Review: Marcus; or the Secret of Sweet
Like the first two plays in his trilogy, Tarell Alvin McCraney in Marcus; or the Secret of Sweet allows his characters to often voice their stage directions followed by their lines - - which adds additional light moments to the dialogue. Like the other plays, pan-African inspirations from Yoruba life and traditions, and Southern American rhythms and cadences stream through his innovative tales.
Having seen the other two plays, The Brothers Size (2008) and In Red and Brown Water (2010), made me appreciate the stage directions and Yoruba inspirations, but for Audrey Davis a multitude of attributes made the play enjoyable. “I was impressed by the actors' techniques and their abilities, with minimal staging and dialogue, to make the characters and the location feel real. It was interesting to see how the characters evolved throughout the three plays. It was a powerful trilogy. I highly recommend this last play,"says Davis.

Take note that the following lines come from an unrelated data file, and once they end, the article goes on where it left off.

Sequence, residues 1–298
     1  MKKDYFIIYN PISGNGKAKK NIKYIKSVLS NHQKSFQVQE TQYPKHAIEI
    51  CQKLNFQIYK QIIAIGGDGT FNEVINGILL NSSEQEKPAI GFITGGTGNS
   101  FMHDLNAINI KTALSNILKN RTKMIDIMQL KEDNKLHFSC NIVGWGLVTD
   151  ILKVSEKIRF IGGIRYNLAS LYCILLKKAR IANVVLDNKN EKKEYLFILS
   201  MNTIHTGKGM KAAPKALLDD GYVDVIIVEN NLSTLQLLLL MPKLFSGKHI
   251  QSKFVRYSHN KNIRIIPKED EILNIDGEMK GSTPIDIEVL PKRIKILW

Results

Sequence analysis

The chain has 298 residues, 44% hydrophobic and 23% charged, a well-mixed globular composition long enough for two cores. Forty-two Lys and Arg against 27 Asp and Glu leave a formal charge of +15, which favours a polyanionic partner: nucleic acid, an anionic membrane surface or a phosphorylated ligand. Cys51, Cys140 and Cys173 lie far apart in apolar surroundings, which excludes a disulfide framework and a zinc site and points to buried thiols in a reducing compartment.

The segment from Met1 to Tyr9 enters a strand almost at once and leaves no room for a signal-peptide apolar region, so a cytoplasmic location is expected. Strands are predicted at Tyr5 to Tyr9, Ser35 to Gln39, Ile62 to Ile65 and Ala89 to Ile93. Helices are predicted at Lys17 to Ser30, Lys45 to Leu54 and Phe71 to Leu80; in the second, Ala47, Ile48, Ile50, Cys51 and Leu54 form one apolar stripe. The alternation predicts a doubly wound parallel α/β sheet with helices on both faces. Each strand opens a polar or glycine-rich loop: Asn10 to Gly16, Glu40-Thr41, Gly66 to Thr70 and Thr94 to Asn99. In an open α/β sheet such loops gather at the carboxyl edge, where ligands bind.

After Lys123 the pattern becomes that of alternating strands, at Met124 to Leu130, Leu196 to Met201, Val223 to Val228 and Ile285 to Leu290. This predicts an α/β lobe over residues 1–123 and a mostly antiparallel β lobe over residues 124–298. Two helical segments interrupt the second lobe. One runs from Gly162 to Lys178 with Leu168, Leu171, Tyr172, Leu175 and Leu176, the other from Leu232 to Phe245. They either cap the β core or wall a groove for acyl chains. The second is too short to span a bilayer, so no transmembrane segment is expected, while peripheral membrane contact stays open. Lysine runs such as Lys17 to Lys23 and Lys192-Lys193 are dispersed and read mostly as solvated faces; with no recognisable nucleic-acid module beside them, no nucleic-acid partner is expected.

In Marcus, the questions start early with one character asking 16-year-old Marcus Eshu (J. Mal McCree), “Are you sweet, like your daddy?” (Marcus’s father, Elegba, was incarcerated in the Brothers Size). While the tale often takes on the persona of a coming out story, the focus remains on Marcus’ quest to learn about his daddy, himself and interpreting his dream. The search for the dream’s meaning becomes hilarious, mystical and sometime intriguing.
For the play, set designer Dan Conway created a simple, but meaningful waterfall created by having water simply stream over a clear wall.
Marcus runs through Sunday, February 13 at Studio Theater, 1501 14th Street, NW (14th and P), 202-332-3300. Tickets are $35 to $65. Group discounts for10 or more are available and $15 tickets for full-time students are available one-half hour before curtain if seats are available (except Saturday evenings).
Previous Snippets Review
The Brothers Size